games I've played lately
About a year ago, I told Mark Dominus that I wanted to learn to play bridge, but that it was tough to find friends who were also interested. (I’d rather play with physically-present people whom I know than online with strangers.) He said, “Sackson’s Gamut of Games has a two-player bridge variant.” I had never heard of Sackson, A Gamut of Games, or the two-player variant. I said, “oh, cool,” and went off to look into it all.
So, A Gamut of Games is a fantastic little book that you can get at Amazon for about ten bucks. (That’s a kickback-to-rjbs link, by the way.) It’s got about thirty games in it, most of which you’ve probably never heard of. I’ve played only about a fifth of them so far, or less, and so far they’ve been a lot of fun. The first game in the book is called Mate, and is meant to feel a bit like chess, which it does. It’s a game of pure skill, which is quite unusual for a card game. When I first got the book, I would teach the game to everybody. It was easy to learn and play, fun, and a novelty. I also taught Martha how to play, using a Bavarian deck of cards, which made the game more fun for her. We’d go to the neighborhood bar, get some chicken tenders and beer (root and otherwise) and play a few hands.
I got to wondering why more of the games in Gamut weren’t available electronically. I found a Lines of Action app for iOS, but it was a bit half-baked, on the network side. Then, through Board Game Geek, I found a site called Super Duper Games offering online Mate, in the guise of “Chess Cards.” It’s a really mixed experience, but I am a big fan.
The site’s sort of ugly, and incredibly slow. There are some weird display issues and some things that are, if not bugs, are darn close. On the other hand, it’s got dozens of cool board games that you haven’t played before, and you can play them online, against your friends or strangers. If you join, challenge me to something. I’m rjbs.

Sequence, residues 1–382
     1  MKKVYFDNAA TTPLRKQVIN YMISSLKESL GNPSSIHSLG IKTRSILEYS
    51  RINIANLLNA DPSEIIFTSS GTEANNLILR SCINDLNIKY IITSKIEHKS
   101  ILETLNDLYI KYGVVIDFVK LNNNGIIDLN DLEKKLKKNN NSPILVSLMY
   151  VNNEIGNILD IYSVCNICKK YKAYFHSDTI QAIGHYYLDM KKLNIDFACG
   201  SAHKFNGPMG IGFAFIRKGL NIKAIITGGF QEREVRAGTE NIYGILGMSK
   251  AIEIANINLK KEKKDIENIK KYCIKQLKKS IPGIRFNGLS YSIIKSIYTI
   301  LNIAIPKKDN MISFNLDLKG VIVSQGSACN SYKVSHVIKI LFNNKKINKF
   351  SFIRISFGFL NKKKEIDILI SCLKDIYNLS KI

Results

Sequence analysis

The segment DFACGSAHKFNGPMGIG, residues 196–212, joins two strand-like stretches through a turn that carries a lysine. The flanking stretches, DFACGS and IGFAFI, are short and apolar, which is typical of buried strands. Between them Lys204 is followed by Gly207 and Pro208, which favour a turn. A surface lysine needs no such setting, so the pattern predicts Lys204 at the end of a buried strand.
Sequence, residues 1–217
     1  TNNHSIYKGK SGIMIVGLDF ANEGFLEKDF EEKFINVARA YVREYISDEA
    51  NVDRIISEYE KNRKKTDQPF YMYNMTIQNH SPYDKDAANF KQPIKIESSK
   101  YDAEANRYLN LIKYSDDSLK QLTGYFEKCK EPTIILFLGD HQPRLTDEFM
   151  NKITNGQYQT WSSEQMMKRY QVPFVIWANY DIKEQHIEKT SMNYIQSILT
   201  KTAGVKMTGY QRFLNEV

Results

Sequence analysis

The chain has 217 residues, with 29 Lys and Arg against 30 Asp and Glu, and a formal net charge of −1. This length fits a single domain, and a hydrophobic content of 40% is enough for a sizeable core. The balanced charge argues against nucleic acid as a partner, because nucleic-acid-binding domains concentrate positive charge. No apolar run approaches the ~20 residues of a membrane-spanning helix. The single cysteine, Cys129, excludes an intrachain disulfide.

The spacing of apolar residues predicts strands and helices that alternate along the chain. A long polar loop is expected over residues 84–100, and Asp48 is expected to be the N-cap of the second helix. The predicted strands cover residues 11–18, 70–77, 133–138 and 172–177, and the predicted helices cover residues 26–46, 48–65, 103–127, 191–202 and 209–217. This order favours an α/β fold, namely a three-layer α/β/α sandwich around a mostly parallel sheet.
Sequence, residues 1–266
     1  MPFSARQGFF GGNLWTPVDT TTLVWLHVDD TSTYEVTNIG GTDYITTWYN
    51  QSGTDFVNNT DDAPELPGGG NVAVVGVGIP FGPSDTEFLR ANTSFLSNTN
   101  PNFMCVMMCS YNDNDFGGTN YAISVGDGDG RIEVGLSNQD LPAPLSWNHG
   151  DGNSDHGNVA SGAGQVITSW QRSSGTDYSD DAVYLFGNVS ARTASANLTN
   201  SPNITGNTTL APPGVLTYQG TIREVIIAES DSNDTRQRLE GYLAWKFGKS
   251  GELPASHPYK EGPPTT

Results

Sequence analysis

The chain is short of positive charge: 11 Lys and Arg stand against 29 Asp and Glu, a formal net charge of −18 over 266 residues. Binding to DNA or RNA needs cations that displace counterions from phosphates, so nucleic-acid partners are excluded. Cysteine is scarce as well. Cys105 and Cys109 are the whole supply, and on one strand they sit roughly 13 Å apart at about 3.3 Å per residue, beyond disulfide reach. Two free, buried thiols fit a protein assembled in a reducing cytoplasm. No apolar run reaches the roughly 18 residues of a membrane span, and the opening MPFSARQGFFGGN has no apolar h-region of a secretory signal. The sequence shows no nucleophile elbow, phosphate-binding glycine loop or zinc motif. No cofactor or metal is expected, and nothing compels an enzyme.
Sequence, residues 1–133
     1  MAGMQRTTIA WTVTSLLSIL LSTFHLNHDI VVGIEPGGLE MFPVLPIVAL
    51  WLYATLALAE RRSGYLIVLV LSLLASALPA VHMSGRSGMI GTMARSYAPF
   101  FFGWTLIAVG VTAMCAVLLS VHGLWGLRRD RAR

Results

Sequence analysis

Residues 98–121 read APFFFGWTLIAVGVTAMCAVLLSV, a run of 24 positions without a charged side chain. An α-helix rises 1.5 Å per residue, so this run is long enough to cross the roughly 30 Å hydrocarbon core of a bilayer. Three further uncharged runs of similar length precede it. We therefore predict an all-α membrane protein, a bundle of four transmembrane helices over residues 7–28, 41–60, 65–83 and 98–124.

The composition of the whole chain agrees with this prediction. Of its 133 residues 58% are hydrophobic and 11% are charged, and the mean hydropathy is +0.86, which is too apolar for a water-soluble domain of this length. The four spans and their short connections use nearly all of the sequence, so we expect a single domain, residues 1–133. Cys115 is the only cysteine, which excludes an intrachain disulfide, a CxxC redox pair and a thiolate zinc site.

So far, I’ve only played a small number of the available games.
One of my favorites is Abande. Like many SDG games, I think it would be even better played in real time, and I’m hoping to produce a board for playing it. Another great one is Alfred’s Wyke, which should be easy to play at a table with minimal equipment. I think I’ll play it with wooden coins, which I bought in bulk several years ago.
In many cases, the games would be improved by realtime play, I think, but only one game has stricken me as greatly hampered by its electronic form. Tumblewords is a cross between Scrabble and Connect Four, which sounds pretty great. It seems like it probably is pretty great, too, but it’s got a problem. In some games, like cribbage, part of the goal is to correctly identify what you’ve just scored. Similarly, in Tumblewords, part of the challenge should be noting all the words that each move introduces. On Super Duper Games, the computer does this for you, using a dictionary. It means you get points for all sorts of words that you’d never have noticed otherwise. I think I may have to play this one in real space before anything else!
Check out Super Duper Games, even if only to read the rules for the games there and play them. Or, maybe try playing something! If you don’t want to challenge me, there are dozens of open challenge sitting around at any time.